Likud, Israel's ruling party headed by Prime Minister Benjamin Netanyahu, has turned electioneering into a game. Using an app called Elector, Likud posts a "champions list” for those who have sent the party the most names of potential supporters.
“Omri, my bro! How many Likud supporters have you added to Elector? It’s not enough! Add more!” This is but one of the numerous messages posted on a Facebook page operated by the party, aimed at encouraging supporters to download the app and provide the party with names of voters.
Elector is only one of several so-called voter-management apps that have become popular in recent election campaigns. Like many others, its use contravenes the privacy laws - as these platforms encourage law-abiding citizens to name names - revealing whether neighbors, friends and relatives are for Likud or against it. The information is uploaded without the approval of the people in question.
The Privacy Protection Authority has repeatedly issued guidelines explicitly stating that the voter registry, to which the parties have access, is meant solely for maintaining contact with potential voters, and it is forbidden to use people’s personal information without their permission. Nevertheless, the parties using these apps flout these guidelines and continue to use voter data for other ends as well as instructing supporters to add more information.
The Elector app provides parties access to the huge database of eligible voters – 6.5 million Israelis. This in and of itself is still legal; every party is also permitted to augment the data to help their voter turnout efforts.
However, a review of the actual Elector app and the way it is used by Likud shows that beyond the security risk its poses, they violate privacy rules.
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Users who download the app are prompted with a “privacy protection” screen. There, they are asked to affirm that the information provided is solely for the purpose of the election, and users are required to commit to not using the data in different contexts. They also need to agree that any additional information collected requires the express agreement of the voter in order to be included in the database. How does the party check these conditions are actually met? There is no answer to this question.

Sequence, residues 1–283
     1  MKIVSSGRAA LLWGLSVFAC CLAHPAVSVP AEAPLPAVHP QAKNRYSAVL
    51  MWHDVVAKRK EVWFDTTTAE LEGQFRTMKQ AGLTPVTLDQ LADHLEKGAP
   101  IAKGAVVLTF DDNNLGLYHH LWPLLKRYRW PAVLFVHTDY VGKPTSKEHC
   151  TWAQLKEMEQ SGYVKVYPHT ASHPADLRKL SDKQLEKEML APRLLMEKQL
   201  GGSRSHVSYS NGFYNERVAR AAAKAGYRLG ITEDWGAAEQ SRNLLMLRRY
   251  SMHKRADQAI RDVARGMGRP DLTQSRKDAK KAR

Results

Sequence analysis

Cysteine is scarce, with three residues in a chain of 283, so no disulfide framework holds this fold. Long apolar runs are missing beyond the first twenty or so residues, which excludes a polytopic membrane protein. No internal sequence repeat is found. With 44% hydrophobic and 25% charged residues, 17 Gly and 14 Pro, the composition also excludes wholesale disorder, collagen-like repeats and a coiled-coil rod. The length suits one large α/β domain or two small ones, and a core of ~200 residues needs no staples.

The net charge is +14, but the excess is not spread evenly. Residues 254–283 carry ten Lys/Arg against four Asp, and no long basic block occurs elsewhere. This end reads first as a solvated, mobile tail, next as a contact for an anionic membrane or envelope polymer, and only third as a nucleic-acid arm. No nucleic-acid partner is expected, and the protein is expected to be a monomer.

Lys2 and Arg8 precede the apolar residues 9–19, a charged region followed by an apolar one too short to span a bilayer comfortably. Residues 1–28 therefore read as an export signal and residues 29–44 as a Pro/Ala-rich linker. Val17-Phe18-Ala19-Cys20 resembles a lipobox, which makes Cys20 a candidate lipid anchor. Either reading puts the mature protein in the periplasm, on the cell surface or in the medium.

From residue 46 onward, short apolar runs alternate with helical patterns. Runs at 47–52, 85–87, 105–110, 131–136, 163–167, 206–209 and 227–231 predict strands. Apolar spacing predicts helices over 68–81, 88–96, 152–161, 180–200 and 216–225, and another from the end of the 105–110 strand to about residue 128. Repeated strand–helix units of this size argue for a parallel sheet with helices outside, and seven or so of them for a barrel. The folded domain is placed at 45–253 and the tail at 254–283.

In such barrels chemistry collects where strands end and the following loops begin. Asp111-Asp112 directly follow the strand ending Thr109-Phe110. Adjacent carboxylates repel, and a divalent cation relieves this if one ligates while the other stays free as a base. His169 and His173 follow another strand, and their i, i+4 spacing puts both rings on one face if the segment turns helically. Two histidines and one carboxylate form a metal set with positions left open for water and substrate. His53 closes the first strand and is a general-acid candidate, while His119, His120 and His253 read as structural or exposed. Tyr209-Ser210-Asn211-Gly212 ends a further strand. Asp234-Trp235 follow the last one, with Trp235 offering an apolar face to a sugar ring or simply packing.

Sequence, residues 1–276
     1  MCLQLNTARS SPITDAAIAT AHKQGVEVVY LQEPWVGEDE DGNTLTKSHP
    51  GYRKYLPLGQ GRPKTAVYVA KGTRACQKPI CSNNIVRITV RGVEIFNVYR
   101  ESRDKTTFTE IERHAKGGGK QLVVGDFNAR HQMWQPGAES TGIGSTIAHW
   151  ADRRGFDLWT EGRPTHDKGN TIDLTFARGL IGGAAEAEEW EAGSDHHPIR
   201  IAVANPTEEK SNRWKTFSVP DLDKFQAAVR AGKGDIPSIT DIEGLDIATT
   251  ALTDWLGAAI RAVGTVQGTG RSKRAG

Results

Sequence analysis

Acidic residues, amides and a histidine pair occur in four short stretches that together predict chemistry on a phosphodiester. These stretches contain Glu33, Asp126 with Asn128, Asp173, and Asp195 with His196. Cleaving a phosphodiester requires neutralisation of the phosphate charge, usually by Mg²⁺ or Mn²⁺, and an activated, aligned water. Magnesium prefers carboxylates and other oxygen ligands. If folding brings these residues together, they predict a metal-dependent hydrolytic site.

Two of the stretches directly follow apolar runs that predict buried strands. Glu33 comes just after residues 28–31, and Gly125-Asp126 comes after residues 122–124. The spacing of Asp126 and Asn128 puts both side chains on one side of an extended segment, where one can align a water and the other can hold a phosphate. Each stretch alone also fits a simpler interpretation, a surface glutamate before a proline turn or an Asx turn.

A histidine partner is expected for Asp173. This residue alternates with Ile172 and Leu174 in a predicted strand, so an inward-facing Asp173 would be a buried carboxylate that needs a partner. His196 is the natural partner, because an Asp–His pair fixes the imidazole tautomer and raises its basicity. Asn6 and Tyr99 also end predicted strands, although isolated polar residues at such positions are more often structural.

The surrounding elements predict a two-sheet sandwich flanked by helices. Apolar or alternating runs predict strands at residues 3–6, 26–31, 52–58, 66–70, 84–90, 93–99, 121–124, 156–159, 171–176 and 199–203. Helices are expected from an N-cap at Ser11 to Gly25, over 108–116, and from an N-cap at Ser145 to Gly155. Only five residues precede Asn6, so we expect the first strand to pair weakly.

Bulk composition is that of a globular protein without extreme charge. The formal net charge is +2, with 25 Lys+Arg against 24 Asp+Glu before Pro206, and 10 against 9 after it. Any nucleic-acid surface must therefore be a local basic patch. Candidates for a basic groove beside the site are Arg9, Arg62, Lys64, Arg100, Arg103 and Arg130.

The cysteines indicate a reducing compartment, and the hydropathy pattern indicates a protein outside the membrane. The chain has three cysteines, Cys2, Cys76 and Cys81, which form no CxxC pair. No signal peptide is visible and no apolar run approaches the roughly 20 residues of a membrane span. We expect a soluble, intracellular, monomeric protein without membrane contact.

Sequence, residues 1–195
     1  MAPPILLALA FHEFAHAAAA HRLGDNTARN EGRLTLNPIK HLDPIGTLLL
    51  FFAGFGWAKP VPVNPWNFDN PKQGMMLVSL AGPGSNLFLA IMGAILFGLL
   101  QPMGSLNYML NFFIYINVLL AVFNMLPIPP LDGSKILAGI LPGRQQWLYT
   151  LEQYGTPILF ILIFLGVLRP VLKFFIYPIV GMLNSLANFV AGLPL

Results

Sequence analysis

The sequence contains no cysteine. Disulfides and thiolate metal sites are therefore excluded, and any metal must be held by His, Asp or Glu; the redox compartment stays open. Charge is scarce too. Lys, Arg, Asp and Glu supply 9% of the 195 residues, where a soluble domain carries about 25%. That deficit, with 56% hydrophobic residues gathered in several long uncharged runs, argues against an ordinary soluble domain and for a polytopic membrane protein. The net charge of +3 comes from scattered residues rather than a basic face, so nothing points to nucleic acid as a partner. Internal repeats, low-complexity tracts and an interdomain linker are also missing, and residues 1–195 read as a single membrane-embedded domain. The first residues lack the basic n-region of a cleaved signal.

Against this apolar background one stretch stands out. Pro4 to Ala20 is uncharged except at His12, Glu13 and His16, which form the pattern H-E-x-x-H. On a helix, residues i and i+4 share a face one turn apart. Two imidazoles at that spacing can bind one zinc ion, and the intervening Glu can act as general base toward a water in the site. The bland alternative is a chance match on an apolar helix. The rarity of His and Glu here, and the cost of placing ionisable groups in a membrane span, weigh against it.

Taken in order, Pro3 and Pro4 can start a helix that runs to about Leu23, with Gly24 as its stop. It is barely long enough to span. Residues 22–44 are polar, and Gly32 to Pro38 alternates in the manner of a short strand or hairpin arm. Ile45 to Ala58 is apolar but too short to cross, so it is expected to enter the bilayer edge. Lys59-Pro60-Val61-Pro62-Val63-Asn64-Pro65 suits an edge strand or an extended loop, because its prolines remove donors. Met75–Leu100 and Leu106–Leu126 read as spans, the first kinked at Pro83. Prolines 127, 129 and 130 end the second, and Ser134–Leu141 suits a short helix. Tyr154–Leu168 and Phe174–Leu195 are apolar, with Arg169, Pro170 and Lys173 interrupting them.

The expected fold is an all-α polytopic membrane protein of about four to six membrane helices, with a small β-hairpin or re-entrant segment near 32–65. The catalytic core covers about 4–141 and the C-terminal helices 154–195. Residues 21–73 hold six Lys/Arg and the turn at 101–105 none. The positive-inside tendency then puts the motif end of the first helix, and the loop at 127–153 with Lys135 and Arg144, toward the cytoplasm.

At the next stage, the user is welcomed and assigned the rank of “private,” and is told that they can climb the ranks by adding more names of party supporters. The supporters can be entered manually, or by giving the app access to the user’s contacts, which are then cross-checked with the voter registry. This already gives the app additional information about how the contact is referred to by his friends or relatives, potentially confirming their name and enriching the database - without direct consent. After the contact list has been uploaded, the names will appear on the screen and the user can mark whether they are Likud supporters or not - again, without their consent.
We tried to search for the name of the head of the Shin Bet, Nadav Argaman, to see if the information about one of Israel’s most senior security figures can be accessed. The app returned an error and we learned that if users try to search for too many public figures like security officials or judges, they will be thrown out of the app and blocked.
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The home screen allows users to update info about their contacts. This will become relevant on Election Day, as each user can update who among his entries has already voted. This helps party activists to focus only on those who haven’t yet voted.
The parties do not explain to their activists the ramifications of adding information about someone without their consent, and most users don’t think there may be a problem entering information into a database that presumably will not be erased after the election and will remain in the party’s possession forever.
Several attempts are being made to fight this phenomenon. For example, Privacy Israel, a nonprofit organization, has sent a letter to the Privacy Protection Authority demanding that it act urgently to stop it. But to date, despite small fines, the authority has not taken any significant steps to enforce the law against the political parties.
Privacy is not the only issue. “The information from Elector can be found here. The database contains full information about Likud supporters and potential supporters, and its available to download for free. Enjoy!” This was a comment we received from a user after reporting about Elector, revealing that some of the data provided into the app was already online in what seems like a severe leak.